(Oh, and just to show how complicated all of this copyright/public domain business can be, I’m planning a follow-up post for Saturday on the current status of McLintock!.
Yes. For Saturday. “But what about the Saturday Double Feature?!”
Hey, I told you there were going to be some changes around here, didn’t i?
Monday Oaters – McLintock! (1963) starring John Wayne and Maureen O’Hara
Hello, kiddies! Or perhaps today I should say “Howdy, Pilgrims!” It’s your humble host Professor Damian with today’s offering from the public domain treasure chest, and we’re starting off with a great one!
In 1963, 13 years after they had first appeared together in the John Ford epic Rio Grande and 11 years after they both appeared in what may be Wayne’s greatest non-western movie, The Quiet Man, John Wayne and Maureen O’Hara came together once again to bring the story of The Taming of the Shrew to the wild west.
In the movie, Wayne plays George Washington McLintock, a cattle baron, mine owner, lumberyard boss, and generally the biggest man (physically and financially) in a town that has even been named after him. However, no matter how big McLintock may be, his biggest challenge may have just arrived on the morning train. No, it’s not a gunslinger come to challenge the rancher. Or even one of the new settlers who are intent on farming land given to them by the government. No, the true challenge to McLintock’s power (and his sanity) is his estranged wife, Katherine (O’Hara) who has just returned to town to meet up with their daughter, Becky, (Stephanie Powers) who is coming home from college. Katherine plans to take Becky east to start a new life, but McLintock is, shall we say, less than thrilled with the idea.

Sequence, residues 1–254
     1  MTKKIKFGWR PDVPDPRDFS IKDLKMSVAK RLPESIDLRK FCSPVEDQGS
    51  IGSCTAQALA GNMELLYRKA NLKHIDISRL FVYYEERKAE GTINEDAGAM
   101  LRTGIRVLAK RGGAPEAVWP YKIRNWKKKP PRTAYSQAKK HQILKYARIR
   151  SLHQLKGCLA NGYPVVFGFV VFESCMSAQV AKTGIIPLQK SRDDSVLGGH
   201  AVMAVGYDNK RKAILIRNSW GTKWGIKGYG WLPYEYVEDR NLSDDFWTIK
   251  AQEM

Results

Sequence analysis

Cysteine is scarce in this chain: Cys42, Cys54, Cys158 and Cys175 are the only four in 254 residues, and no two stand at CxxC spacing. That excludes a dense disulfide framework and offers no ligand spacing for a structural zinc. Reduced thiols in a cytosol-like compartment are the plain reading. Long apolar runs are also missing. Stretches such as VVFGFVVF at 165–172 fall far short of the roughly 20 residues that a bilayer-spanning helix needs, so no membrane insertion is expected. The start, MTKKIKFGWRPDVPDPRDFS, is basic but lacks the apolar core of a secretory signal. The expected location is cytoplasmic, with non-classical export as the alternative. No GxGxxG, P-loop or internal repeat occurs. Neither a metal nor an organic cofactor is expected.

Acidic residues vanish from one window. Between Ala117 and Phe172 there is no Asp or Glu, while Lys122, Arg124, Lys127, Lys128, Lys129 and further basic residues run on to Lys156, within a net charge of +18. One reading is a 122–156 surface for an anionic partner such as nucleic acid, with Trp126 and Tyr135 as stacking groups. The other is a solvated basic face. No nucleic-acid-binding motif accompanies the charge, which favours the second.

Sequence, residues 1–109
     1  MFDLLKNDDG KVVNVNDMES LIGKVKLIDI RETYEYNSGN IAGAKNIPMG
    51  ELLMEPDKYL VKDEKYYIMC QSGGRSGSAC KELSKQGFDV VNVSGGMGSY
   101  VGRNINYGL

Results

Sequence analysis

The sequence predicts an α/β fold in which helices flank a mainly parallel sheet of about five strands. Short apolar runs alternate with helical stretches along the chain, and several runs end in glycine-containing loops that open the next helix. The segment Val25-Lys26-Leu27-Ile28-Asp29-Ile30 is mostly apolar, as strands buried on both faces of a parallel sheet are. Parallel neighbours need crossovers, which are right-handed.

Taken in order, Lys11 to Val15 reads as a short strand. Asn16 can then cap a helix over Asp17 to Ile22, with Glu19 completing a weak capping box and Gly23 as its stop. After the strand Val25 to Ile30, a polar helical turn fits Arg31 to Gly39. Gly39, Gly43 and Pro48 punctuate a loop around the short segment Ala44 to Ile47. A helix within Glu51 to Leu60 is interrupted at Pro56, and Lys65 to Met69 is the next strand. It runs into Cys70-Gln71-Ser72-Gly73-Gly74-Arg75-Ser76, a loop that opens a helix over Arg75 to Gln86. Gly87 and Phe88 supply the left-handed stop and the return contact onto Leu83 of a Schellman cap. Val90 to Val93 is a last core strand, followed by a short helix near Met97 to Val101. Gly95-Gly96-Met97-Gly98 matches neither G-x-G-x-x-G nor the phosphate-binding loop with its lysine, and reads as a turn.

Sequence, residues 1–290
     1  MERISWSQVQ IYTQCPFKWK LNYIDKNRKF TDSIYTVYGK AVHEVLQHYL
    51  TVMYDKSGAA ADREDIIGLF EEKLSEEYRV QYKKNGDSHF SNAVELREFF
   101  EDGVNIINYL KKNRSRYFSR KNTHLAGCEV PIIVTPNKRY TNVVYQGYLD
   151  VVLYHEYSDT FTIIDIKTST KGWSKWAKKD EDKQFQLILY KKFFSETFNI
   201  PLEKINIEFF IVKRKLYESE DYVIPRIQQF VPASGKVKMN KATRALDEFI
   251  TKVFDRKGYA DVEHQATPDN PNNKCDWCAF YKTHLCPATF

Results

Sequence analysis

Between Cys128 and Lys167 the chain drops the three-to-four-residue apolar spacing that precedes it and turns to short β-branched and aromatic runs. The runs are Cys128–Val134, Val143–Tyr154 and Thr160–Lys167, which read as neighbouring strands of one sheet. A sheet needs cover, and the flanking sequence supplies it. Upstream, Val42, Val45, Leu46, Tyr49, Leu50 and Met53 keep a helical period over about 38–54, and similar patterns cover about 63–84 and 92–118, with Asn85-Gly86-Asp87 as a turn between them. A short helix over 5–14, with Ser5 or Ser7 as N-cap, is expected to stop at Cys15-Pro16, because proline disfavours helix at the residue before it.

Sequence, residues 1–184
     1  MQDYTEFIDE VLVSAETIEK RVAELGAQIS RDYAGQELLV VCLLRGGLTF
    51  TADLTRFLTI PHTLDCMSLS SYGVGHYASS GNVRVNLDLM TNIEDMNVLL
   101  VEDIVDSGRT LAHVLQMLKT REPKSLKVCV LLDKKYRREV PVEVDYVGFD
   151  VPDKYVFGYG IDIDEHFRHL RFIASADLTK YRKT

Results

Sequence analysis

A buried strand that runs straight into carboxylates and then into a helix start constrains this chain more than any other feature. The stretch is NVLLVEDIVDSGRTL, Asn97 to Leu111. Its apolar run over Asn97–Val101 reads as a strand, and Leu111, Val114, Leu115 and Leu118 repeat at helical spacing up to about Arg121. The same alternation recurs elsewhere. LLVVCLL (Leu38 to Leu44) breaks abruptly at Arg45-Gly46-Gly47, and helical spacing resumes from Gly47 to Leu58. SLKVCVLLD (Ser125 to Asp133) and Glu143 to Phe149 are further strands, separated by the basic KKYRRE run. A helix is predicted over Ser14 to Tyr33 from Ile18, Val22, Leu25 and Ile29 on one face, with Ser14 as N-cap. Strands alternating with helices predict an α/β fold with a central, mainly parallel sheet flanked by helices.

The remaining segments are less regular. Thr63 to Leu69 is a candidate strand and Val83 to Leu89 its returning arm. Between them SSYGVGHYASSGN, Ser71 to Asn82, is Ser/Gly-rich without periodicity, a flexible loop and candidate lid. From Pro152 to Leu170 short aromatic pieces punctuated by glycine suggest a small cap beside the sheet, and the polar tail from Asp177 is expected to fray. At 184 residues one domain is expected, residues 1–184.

The sparks soon begin to fly, but the question soon becomes: will the two exes simply burn each other up, or are the sparks merely a prelude to renewed romantic fireworks?
The film definitely has its ups and downs. The chemistry between the two leads is immediately obvious, and they are backed by a supporting cast that not only includes Powers and Wayne’s son Patrick and daughter Aissa, but also the lovely Yvonne De Carlo (yes, Lily Munster herself), Jerry Van Dyke, Bruce Cabot, Strother Martin, and Chill Wills as Mclintock’s right hand man Drago.